Peroxisome Biogenesis in Drosophila melanogaster: Protein Trafficking, Lipid Metabolism, and Muscle Function
McNew, James A.; Bartel, Bonnie
Doctor of Philosophy
Peroxisomes are ubiquitous organelles required for many essential functions, such as fatty acid metabolism. Defects in peroxisome biogenesis cause a spectrum of human diseases known as peroxisome biogenesis disorders (PBDs). These devastating diseases lack effective therapies and it is unclear how peroxisome dysfunction causes the disease state. Animal models are needed to understand the connection between peroxisome biology and animal physiology. The fruit fly, Drosophila melanogaster, has recently become an important animal model in the study of peroxisomes. We have identified the major peroxisomal proteins and pathways in flies and examined peroxisomal protein trafficking. We have found that fruit fly peroxisomes share many features in common with higher animals, but display some important differences. Flies appear to have lost one of the pathways used in other organisms to target proteins to the peroxisomal matrix. Also some proteins are dually localized to peroxisomes and the cytoplasm likely through a weak interaction with the protein machinery that brings peroxisomal proteins into the organelle. We have also generated fly mutants with impaired peroxisome biogenesis and shown that peroxisomes are required for normal development and lipid metabolism. Flies with impaired peroxisome biogenesis also show defects in multiple processes that depend on muscle function, such as locomotion. PBD patients also display muscle defects, but it is thought to be a secondary effect of neuronal dysfunction. We propose that peroxisome loss in humans, like in flies, may directly affect muscle physiology, possibly by disrupting energy metabolism. Understanding the role of peroxisomes in fly physiology and specifically in muscle cells may reveal novel aspects of PBD etiology.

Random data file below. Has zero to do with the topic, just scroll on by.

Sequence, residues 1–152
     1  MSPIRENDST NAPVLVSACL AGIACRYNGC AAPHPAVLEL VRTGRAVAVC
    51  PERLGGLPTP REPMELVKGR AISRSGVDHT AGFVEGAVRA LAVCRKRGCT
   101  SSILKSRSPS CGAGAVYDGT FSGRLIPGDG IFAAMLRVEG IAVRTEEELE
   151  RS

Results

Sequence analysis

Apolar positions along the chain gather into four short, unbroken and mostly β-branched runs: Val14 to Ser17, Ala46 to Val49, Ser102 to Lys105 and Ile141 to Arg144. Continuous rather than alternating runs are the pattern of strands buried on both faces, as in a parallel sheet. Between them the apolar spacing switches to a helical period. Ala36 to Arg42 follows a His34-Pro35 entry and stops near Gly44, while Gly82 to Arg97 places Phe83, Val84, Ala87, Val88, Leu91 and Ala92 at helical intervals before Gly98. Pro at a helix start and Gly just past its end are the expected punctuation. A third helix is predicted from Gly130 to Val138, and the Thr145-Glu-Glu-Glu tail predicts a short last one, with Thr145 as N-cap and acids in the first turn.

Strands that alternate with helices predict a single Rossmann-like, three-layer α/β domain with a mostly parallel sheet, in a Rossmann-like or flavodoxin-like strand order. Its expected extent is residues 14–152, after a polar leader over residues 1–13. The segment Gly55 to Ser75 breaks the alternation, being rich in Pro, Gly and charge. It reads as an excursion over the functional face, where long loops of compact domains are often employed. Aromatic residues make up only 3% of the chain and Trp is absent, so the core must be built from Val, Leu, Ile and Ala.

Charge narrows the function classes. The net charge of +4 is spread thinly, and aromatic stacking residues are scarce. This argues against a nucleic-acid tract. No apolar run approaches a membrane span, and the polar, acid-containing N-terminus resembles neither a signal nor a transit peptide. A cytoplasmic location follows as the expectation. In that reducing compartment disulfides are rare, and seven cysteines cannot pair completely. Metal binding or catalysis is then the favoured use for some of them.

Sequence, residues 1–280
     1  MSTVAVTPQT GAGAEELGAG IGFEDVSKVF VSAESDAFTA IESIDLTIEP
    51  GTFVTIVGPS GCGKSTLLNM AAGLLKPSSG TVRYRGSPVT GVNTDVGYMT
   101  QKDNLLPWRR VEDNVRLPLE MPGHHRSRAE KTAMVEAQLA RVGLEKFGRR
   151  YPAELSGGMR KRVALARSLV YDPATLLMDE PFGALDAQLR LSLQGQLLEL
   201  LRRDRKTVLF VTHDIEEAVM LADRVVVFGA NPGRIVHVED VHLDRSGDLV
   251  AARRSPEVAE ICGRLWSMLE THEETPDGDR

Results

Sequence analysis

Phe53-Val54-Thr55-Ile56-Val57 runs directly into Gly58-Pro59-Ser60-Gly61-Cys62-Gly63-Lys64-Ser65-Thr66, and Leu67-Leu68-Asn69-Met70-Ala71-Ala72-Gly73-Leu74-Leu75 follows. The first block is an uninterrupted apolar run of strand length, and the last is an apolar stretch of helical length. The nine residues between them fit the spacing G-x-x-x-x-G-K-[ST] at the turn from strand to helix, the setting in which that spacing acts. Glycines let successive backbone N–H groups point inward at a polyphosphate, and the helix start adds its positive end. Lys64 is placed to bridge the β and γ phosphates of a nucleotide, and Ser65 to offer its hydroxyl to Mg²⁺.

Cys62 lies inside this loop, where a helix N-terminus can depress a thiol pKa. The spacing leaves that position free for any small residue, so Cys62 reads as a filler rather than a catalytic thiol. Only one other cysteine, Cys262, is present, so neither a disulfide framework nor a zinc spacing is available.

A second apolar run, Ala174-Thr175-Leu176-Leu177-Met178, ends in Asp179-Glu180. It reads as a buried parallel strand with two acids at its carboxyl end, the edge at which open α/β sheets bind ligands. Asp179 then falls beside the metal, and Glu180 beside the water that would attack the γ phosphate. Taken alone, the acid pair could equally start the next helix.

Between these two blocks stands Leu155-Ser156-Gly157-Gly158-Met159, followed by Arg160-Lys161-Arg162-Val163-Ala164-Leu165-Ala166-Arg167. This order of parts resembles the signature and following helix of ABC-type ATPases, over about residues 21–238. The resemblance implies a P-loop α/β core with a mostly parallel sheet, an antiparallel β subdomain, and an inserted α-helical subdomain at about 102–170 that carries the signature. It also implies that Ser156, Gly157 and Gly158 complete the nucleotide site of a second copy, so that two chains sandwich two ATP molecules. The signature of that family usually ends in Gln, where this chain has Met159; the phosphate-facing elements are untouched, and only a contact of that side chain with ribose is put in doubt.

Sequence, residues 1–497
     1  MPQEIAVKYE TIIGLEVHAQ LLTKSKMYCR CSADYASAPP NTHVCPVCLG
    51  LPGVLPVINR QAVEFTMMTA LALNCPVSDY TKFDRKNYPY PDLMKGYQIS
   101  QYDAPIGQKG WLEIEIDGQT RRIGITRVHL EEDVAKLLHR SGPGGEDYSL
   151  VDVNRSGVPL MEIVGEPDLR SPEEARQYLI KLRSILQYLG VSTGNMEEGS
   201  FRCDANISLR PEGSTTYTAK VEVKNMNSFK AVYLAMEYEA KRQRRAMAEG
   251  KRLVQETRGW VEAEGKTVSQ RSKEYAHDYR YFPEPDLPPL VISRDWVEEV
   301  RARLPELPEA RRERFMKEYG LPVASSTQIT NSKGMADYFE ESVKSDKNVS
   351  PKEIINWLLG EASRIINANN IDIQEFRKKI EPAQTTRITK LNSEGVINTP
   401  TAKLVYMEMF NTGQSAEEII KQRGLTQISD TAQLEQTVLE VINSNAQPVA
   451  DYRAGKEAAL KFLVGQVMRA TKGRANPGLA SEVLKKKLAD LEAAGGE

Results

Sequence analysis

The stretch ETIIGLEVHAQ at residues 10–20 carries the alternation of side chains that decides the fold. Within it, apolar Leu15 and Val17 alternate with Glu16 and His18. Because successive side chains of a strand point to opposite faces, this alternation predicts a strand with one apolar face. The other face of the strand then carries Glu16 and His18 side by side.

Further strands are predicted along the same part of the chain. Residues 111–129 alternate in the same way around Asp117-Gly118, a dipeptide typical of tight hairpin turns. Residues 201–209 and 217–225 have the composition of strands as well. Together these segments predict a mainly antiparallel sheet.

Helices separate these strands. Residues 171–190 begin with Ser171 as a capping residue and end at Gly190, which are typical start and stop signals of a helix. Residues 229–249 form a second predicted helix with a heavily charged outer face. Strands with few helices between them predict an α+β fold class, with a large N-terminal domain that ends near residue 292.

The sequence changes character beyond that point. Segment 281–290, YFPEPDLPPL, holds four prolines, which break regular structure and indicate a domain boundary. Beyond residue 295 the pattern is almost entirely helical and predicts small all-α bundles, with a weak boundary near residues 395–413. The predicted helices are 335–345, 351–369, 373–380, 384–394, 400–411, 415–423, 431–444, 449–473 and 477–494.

Peroxisome biogenesis; Lipid Metabolism